Quick Reference

Time Period:


Oil on Canvas

Still Life

Still Life

25 x 30

Vose Galleries (Boston), 1938
Grand Central G. (NYC), '39,'41,'45
Williston Academy, 1941
Northfield Seminary, 1941
Deerfield Valley AA, 1941
Springfield Art league, 1942
The Guild of Boston Artist, 1943

Dr. B. Thurber Guild



"Probably the handsomest still life I ever painted." RSW

Related Links

Featured Artwork: The Chinese Lily

RSW's Diary Comments

"Painted in 1938. Probably the handsomest still life I ever painted. Yellow Chinese lily in green jar, henna colored round Chinese fan, my yellow Chinese duck, other small things---resting on and back-grounded by a fold-creased piece of white satin, on the vertical part of which is sewed a piece of colorful Chinese embroidery. Much exhibited, enthusiastically admired but not bought until July, 1946, when Dr. B. T. Guild, Barker's Road Point, Sands Point, Long Island, N. Y. bought it. (Along with "Winter Song" for his wife.) The Guilds are my close friends and it hangs in a very beautiful home."

Additional Notes

painting items
The Japanese tea pot, and Japanese fan
are still in the artist's studio.

Dr. Guild must have been a very good and close friend of RSW. If not, this still life would be the ONLY painting of its kind Woodward ever sold to the general public. Not that he painted a lot of still lifes, there are only 7, maybe 8, pure "still lifes," in the literal sense in his oeuvre. We believe this is for two simple reasons: (1) being disabled, RSW was already sensitive to how he was perceived and he did not want to be known as a "still life" artist and; (2) being a naturalist, as well as, one known for painting nature as it is without embellishment; still lifes are neither natural nor organic. RSW though seemed to like his still lifes very much, commenting positively on a number of them. (see also: My Granmother's Lamp) RSW kept five of his still lifes for himself never selling them. Two others went to his family as gifts. This painting would be the one exception and according to our records it would be RSW's last true still life.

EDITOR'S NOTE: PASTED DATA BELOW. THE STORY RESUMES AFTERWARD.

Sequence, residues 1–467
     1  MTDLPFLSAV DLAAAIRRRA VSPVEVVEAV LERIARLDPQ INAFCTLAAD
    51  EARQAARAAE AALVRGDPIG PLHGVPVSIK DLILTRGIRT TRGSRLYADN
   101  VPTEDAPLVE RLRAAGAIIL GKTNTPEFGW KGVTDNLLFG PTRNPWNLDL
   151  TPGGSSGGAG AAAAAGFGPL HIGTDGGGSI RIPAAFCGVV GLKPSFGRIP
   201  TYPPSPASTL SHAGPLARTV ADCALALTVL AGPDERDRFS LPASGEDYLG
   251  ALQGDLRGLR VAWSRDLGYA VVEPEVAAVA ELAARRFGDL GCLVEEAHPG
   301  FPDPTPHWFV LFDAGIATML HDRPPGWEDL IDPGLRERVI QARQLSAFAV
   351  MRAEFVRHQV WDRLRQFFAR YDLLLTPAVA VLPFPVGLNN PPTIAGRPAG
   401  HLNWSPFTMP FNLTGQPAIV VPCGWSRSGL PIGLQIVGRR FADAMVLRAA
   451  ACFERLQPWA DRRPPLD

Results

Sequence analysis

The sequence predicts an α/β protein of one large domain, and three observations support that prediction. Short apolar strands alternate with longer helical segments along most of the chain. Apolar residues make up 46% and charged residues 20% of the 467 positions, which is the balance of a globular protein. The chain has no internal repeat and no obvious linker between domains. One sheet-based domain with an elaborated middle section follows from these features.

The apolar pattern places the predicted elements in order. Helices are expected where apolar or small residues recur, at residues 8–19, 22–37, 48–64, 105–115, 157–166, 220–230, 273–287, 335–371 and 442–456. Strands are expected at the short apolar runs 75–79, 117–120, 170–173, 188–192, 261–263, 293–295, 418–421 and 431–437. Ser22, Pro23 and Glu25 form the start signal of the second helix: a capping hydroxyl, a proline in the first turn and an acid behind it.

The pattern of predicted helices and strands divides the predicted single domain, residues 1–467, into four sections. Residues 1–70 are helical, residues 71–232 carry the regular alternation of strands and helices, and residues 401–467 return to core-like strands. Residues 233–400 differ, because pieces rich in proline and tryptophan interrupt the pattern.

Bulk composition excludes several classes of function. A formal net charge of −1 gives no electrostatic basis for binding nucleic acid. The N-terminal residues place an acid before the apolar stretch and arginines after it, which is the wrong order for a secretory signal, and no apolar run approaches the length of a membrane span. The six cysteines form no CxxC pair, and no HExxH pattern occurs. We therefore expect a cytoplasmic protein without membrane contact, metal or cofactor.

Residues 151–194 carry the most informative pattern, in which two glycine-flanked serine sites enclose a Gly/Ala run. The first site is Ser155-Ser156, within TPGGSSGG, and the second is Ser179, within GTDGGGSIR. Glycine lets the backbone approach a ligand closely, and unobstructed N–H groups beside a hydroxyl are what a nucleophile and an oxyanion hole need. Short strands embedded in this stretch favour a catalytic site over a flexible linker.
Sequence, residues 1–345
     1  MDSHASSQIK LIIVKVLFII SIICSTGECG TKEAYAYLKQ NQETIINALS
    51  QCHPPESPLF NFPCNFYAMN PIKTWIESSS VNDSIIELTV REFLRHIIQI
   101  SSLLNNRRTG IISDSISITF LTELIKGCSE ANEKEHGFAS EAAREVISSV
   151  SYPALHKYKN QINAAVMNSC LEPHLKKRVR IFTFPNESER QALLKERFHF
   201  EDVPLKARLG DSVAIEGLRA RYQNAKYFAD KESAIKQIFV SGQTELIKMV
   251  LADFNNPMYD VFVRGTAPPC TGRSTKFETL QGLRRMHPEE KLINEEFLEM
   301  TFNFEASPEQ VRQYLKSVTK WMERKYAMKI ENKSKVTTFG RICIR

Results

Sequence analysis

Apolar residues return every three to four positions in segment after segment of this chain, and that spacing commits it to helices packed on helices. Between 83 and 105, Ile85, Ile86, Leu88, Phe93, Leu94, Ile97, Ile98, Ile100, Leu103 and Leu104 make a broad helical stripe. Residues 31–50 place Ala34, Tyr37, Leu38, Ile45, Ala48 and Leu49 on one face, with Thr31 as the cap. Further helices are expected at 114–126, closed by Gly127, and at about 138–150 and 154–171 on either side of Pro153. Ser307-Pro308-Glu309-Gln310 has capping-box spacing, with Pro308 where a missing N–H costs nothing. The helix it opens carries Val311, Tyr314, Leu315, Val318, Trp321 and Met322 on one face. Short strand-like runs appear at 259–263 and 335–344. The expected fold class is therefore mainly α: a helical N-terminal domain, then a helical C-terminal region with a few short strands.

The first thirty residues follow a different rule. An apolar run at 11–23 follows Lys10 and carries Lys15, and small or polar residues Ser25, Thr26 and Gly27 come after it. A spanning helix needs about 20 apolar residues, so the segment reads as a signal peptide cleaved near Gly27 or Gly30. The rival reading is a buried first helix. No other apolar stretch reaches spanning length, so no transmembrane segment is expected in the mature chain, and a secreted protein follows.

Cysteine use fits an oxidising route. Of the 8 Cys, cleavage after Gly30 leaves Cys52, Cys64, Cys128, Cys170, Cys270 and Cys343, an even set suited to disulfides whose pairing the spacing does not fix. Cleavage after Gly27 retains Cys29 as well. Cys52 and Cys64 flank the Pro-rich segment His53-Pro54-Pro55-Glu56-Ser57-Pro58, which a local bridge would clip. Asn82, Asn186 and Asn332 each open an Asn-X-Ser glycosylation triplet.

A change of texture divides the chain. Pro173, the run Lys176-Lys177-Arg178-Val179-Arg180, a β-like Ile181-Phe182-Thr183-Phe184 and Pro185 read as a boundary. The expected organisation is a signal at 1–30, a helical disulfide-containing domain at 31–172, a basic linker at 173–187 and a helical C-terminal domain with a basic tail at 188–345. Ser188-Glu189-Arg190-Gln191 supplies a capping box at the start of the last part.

The Chinese Duck
The Chinese Duck

Another reason we believe Dr. Guild was close to Woodward, besides selling him this still life, is that RSW also sold him another special painting, Winter Song. It was not uncommon for RSW to be selective with where and to whom a particular painting ended up. There is a history of him only letting certain paintings go to certain people. His friends  F. Earl Williams, Bartlett Arkell, and Ada Moore come to mind, poet Robert Frost is another.  Winter Song was made specifically to exhibit at the 1939 Golden Gate International Exposition curated by his dear childhood friend Harold Grieve. RSW met Grieve when they were neighbors in Los Angeles, CA. It was after his accident and during his recovery that RSW would play tag with the neighborhood kids. Grieve was 16 years younger than RSW but the two remained friends for life, perhaps because of Grieve's interest in art and design. The Golden Gate Exposition was so important to RSW he hastily made "New England Impression" from a photograph he saw and liked, to send to the 1939 New York World Fair, in order to, spend more time on Winter Song.

painting items
B. Thurber Guild as a medical student
at Drexel School of Medicine in 1907.

Bruno Thurber Guild (1885 - 1958) was born June 28th to Ellis and Olivia (Rogers) Guild in Holdrege, Nebraska. According to his Drexel College of Medicine yearbook profile, "he lived only to become wild and terrible." As a teen, he, "journeyed East and camped in New York City, long enough to attend the Grammar School and Brooklyn Manual Training High School." The profile continues, "While there he heard of the beauties of New England, and became so interested, that he moved to South Framingham, MA, and even attended the Boston University. The profile's last paragraph states, "About this time he heard of other medical Colleges, so on a dare, he quit B.U. and joined us, favoring us with his presence at random intervals.

Obviously, the yearbook profiles were written in an amusing and flippant manner but it is very revealing nonetheless. He is portrayed almost as a tramp, going where the wind takes him as if he was living in the streets. But in truth, his father is a pastor/educator who headed churches in both Boston and New York City which can also include Brooklyn. While he has more of a direction than the aimlessness his profile suggests, he does share this quality with RSW of having been a nomad of sorts growing up. The difference is that it appears Dr. Guild did retain a certain amount of restlessness, whereas RSW wanted nothing more than to have deep roots, a place he called home.

painting items
The Guild home in Shelburne Falls